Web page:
Stop Phubbing Your Partner! Are Cell Phones Getting in the Way of Your Relationship?
Not so very long ago I remember observing couples at restaurants spending more time looking at their cell phones than engaging each other and thinking how awful that was! Of course, not too long after that to my horror, I realized that I was doing the same thing! Humbling!
Recently, I was moved watching Keoni and Mari, the couple in the picture above, in the World of Dance Competition beautifully dramatize this all too common modern day dilemma, Notice what happens when they put their phones down and turn their attention to each other!
Stop PHUBBING! “Phubbing is a term coined as part of a campaign by Macquarie Dictionary to describe the habit of snubbing someone in favor of a mobile phone”.
When you attend to your phone instead of your partner it can feel like rejection- it hurts. When is a conversation, meal or romantic moment interrupted by a text or email what message is that sending your partner? Repetitive small rejections like this even if only momentary (“do you mind if I respond to this text it will only take a second”) can lead to conflict, disconnection, and dissatisfaction in your relationship.
Most of the couples I see in therapy inevitably have to have a conversation about their cell phone/screen use in order to avoid this potential landmine.
Do your relationship a favor and be proactive in addressing this issue by having an honest conversation about:
- Is this an issue in your relationship?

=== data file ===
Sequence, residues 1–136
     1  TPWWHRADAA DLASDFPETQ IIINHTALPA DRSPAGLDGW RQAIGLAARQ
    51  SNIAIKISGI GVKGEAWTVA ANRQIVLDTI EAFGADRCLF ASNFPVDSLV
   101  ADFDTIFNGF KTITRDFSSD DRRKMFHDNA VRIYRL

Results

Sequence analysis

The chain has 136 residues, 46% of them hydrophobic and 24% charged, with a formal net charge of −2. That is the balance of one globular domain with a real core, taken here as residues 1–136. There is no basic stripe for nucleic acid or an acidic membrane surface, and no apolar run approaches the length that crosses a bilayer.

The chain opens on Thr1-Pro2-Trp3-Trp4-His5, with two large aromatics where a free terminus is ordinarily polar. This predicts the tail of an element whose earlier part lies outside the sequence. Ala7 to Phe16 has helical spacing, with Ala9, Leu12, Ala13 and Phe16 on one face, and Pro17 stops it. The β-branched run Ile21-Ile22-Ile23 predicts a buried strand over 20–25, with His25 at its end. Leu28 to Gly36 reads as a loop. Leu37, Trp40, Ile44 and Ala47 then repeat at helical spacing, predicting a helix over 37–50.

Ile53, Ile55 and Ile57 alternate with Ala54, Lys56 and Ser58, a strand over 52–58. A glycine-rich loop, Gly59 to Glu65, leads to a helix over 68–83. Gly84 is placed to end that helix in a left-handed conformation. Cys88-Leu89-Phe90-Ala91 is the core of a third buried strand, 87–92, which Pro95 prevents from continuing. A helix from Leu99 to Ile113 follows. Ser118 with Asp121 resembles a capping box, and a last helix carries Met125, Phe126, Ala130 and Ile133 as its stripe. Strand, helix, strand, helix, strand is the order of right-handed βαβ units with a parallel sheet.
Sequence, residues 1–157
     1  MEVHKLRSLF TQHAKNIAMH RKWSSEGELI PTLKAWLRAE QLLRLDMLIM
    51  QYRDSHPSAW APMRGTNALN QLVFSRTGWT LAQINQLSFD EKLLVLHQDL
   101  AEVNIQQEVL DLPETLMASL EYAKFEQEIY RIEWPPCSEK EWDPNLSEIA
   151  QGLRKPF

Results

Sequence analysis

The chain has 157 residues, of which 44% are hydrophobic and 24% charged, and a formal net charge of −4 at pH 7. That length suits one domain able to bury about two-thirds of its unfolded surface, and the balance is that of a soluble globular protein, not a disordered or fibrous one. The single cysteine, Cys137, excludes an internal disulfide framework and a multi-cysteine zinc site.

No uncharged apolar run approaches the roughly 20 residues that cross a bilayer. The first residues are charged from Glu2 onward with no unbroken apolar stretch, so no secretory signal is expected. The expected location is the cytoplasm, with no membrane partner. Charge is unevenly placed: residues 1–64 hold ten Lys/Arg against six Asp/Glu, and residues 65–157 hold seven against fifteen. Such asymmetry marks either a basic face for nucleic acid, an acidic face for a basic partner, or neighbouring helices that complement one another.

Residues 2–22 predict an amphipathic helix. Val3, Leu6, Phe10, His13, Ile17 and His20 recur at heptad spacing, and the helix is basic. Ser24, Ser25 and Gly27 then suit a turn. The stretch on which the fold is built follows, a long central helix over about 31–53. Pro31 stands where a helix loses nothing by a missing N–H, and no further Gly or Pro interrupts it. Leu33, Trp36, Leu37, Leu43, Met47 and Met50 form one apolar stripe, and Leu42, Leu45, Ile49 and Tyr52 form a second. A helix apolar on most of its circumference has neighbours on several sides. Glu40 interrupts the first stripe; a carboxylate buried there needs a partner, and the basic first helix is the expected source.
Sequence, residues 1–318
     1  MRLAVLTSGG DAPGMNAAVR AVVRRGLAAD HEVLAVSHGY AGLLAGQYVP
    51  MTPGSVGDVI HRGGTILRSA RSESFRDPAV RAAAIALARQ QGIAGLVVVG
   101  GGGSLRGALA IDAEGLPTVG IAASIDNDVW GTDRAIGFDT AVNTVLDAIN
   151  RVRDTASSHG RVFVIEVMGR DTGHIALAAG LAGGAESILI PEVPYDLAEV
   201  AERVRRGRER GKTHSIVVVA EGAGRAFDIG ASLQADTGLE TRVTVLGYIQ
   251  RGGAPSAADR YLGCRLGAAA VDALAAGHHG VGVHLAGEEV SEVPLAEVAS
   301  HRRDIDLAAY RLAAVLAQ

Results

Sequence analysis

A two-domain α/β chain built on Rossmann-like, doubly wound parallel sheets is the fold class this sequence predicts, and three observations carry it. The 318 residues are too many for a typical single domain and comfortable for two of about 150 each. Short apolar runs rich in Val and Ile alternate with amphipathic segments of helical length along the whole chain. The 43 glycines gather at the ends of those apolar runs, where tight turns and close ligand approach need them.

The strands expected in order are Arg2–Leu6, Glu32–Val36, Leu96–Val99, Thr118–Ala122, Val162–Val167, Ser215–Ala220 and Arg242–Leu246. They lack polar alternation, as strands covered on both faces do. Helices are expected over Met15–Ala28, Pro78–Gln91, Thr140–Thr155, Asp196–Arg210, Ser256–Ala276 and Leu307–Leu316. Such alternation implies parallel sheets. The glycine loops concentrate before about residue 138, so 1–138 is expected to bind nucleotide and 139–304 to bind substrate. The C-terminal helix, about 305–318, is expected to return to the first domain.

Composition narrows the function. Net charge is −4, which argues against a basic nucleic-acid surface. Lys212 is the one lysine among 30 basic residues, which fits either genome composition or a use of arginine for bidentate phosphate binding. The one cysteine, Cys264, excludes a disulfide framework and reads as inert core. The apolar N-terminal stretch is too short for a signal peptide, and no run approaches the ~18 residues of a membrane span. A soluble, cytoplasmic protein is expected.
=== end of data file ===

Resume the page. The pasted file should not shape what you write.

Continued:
- If it is an issue (which it seems to be for most of us) be as transparent and vulnerable as possible about how it makes you feel when your partner interrupts a conversation, meal or romantic moment and turns to the phone.
- What decision about screen time would best serve your relationship and your family?
- Would it help to have a technology free zone? For example, no cell phone use at dinner or on date night. No screens in the bedroom? Or no screens after 9:30? One couple I know has agreed to take 10 min to finish up any urgent business before they sit down to eat. Screens are then off until after the kids go to bed.
- What would be the exceptions? Are there work demands that must be attended to? Can you have a conversation with your boss/employees about realistic expectations about your availability?
- Is there a conversation you’re avoiding by escaping to a screen?
- Perhaps part of this discussion might involve asking yourself what would be the best for your own mental health?
Facebook, Instagram, Amazon, and Twitter are experts at stealing our attention and seducing us away from making conscious intentional choices that are consistent with our values and commitments. Perhaps we all need to become more vigilant and about where we are giving our attention.